27 Apr Ready to leave? Why you shouldn't give two weeks' notice
Editor’s Note: See the latest installment – Two-week notices, nickel beers, and rotary telephones published February 1, 2010. .
The “Exit Stage Right” article on CareerBuilder in Sunday’s Chicago Tribune must have been written in a time of nickel beers.
Why? Because giving two week’s notice (let alone four week’s notice) went out with nickel beers. The article also needs a reality check on some of its observations and assertions of how life is in today’s corporate world.
It’s funny how the article on CareerBuilder, which, by the way, is owned by the Tribune Company, doesn’t tell a company what guidelines to follow. How come articles aren’t about laying people off on good terms?
Many people will remember when Ameritech was letting people go several years ago. They would call them in a conference room and say their services were no longer needed. They would then show them to the door. Any coats or personal effects left at their desk would be shipped to them. This is a terrible way to treat 10- to 20-year loyal employees.
What about Amoco, Cellular One and other companies leaving an envelope on your chair telling you that you were no longer needed? What HR expert offered that as a professional approach for “parting a company on good terms”?
How about the accounting firm where the managing partners faxed in a letter telling employees that the company was going out of business and they were all let go? No face-to-face announcement or anything. Just a fax.
Let me highlight the fallacies and follies of the article’s four steps of advice as well as some of its out-of-touch experts.
1. Follow the chain of command?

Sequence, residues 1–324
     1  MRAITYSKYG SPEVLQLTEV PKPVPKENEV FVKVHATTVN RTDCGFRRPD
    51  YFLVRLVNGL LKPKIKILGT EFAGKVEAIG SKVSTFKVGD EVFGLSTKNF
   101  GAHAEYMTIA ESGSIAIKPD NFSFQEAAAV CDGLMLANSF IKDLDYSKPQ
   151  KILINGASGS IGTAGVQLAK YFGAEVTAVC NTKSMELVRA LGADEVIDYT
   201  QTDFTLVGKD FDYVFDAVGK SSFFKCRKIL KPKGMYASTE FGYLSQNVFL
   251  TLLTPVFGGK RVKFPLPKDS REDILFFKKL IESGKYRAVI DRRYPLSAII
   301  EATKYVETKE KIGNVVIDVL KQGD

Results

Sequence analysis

The article says to tell your boss first, which is common sense, but it then goes on to advise you to ask your boss how to inform your co-worker directly or having her deliver the news when she feels it’s appropriate. Aside from being sexist (are all managers female now?), that’s just bad advice.
It’s too often that someone leaves a company and their reasons are smoothed over or changed in order to cover the truth.
Has anyone ever told you that the reason Tom left was because he thought management was bad or he found out a boss was taking kickbacks or bribes? What about Jane leaving because of sexual harassment by her boss? I’m surprised the Tribune printed this article. It’s laughable and inaccurate.
Each situation is different. If you want the story told straight, tell it yourself or send an e-mail to everyone you want to tell. Then it’s uniform and there are no filters or omissions. Your reason could be better pay, a better work environment or a whole combination of things. Keep it short, and if you don’t want to go into detail, don’t.
The best way to tell co-workers and your boss is that you are leaving for a better opportunity. Period.
They are all going to know why if the company is experiencing a loss of accounts, bad management or many other reasons. In many cases, you may not even want to tell them where you’re going. Is a company obligated to tell you its future strategy when they lay you off?
You’re not obligated to give a laundry list of reasons. It’s a termination of service that you have initiated. Does the company tell everyone why they are terminating someone? They use corporate mumbo jumbo like having to do a “force reduction” or an “adjustment to resources.”
In seeing someone just quit a job, the reasons given to the bosses were not the same ones told later to the person’s co-workers. The reasons were changed. The advice from this Tribune article just isn’t realistic.
2. Preparing a letter of resignation
The letter should be short and to the point. The day you resign is the day you leave. If you want to share details with co-workers, that’s your prerogative. Again, the only way they know the truth is if you tell them.